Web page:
I find it hard to believe this will ever be broken, given the increase in the number of strikeouts in today’s game. Not to mention a hitter sometimes doesn’t see a starter more than 2-3 times a single game.

The bullpen is an intricate part of the 21st-century game, and you routinely see guys throwing 100+ mph. You don’t see players such as Joe D., Stan Musial, Carl Yastrzemski, and Pete Rose, among others, who routinely put the ball in play anymore.

5. Ricky Henderson’s 130 Stolen Bases

I don’t ever see this record being broken for many reasons, but like many on this list, it has to do with the game’s evolution. Gone are the days of players stealing 60, 70, and 80+ bases in a single season; hey, even 30 or 40 is impressive today.

The philosophy in baseball has moved from small ball to long ball and waiting for the three-run home run. The analytical teams don’t believe that stealing a base gives you a statistical advantage in wins-or-loses, so a player who runs without a steal sign could face consequences from management.

So unless the game changes back to more of a small ball and fundamentals approach, I don’t see this record even being topped. Also, Imagine telling Ricky Henderson he wasn’t allowed to steal second?

4. Barry Bond’s 232 walks in 2004

When you look at Barry Bonds’s baseball-reference page, his 2004 season stands out like a sore thumb. You think to yourself, “How can a player possibly get intentionally walked 120 times in a season?” For this record to be broken, you would have to find a hitter that strikes fear in the opponent like Bonds, which I don’t see happening for a long time.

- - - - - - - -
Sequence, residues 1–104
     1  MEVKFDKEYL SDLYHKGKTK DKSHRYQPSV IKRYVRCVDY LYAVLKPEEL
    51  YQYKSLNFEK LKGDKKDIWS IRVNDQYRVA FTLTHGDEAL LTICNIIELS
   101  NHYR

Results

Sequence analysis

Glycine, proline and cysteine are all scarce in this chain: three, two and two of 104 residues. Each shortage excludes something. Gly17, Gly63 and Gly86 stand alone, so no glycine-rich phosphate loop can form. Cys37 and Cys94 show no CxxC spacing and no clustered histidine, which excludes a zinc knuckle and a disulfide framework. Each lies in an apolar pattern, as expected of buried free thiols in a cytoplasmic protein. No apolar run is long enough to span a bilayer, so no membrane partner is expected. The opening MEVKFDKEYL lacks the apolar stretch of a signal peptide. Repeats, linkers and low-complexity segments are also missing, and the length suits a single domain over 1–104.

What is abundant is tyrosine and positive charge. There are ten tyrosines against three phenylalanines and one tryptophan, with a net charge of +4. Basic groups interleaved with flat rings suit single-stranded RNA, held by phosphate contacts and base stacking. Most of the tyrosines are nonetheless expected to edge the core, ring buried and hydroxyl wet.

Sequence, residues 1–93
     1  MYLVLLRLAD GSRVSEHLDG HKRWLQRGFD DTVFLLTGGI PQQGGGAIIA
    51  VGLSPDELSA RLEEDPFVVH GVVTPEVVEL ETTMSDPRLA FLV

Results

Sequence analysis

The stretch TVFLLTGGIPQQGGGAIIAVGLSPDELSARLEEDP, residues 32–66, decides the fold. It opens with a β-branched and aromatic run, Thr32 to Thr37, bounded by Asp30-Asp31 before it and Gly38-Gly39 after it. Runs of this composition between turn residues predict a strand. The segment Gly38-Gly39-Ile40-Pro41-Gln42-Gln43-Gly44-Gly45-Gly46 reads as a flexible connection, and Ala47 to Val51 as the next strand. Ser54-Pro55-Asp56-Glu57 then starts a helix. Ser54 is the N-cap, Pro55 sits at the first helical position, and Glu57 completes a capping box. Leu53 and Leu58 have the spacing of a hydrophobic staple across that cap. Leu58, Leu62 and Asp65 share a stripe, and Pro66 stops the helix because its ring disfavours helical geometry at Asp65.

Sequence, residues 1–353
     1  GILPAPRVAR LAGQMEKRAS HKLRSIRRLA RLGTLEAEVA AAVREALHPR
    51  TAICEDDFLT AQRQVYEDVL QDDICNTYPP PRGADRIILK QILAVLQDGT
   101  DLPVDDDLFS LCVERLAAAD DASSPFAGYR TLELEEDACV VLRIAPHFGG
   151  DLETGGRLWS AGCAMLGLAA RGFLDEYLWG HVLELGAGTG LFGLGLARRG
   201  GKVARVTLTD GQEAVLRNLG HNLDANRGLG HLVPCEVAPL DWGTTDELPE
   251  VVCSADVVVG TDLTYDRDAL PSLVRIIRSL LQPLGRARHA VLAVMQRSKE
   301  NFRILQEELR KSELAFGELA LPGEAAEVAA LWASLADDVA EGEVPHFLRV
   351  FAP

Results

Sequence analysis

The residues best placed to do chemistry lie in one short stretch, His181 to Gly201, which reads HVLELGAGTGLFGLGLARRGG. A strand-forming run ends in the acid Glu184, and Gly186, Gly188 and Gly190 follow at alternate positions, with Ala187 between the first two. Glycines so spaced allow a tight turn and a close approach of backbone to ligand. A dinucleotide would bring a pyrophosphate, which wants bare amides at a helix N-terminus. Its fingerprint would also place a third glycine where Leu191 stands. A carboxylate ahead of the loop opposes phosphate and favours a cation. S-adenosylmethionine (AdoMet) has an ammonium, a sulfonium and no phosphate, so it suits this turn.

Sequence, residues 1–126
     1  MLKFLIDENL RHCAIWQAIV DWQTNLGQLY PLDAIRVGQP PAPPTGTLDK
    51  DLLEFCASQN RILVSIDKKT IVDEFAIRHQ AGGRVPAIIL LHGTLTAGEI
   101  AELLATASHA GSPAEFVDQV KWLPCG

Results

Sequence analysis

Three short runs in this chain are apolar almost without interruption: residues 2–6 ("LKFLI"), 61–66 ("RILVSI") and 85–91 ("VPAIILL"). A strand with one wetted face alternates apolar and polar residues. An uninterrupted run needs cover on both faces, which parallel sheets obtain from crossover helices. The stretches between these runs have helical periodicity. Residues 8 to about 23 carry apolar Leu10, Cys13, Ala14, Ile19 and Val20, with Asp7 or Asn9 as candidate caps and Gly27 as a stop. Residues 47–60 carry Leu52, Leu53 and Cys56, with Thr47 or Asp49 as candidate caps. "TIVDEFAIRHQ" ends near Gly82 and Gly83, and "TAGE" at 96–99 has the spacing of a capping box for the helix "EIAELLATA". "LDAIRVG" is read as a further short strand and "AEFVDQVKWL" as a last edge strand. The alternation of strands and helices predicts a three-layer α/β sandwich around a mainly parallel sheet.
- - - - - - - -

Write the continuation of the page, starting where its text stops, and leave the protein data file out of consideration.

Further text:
3. Ichiro’s 262 hits in 2004

Similar to Joe Dimaggio and Pete Rose’s records, the game’s evolution leads to this never to be broken. You can’t get a hit if you don’t put the ball in play. What is most impressive about Ichiro’s 2004 season is the consistency he showed through over 700 at-bats. Which by itself has only been done a handful of times in baseball history. It is hard to believe this will ever be surpassed in today’s modern game.

2. Chief Wilson’s 36 triples in 1912

All you need to do is look at the triples leaders over the past few seasons to understand the difficulty of this record. Since 2015 the highest amount of triples in a season was 14 by Charlie Blackmon in 2017, and last year the league lead was eight by Shohei Ohtani. We see more reliance on power than speed in the 21st-century version of baseball, which makes this record almost impossible to break.

1. Cy Young’s 511 Career Wins

This record will never be broken. Never ever. No debate whatsoever. Why won’t it be broken? The game has evolved to the point that this record is untouchable, given how often pitchers pitch in baseball’s modern era. A pitcher typically pitchers around 25-30 starts a year. You’d need to never lose a start for 17 years to come close to breaking this record. That won’t happen.

Back in the day, players like Cy Young would pitch 40-50 starts a year on average and sometimes more than that. A player like Clayton Kershaw won’t even get to the 300-win total, which is why this record is out of reach.

Unless baseball goes back to letting pitchers pitch games as they did in the late 1800s and early 1900s, this record will never be broken in baseball’s modern era.

Conclusion

Can any of these records be broken? With the game of baseball constantly evolving, it’s hard to say. But one thing is for sure, the players who currently hold these records worked extremely hard to get where they are.

So whether or not you’re a baseball fan, the next time you catch a game on TV, take a minute to appreciate how difficult it is for anyone – even the greats -to make history.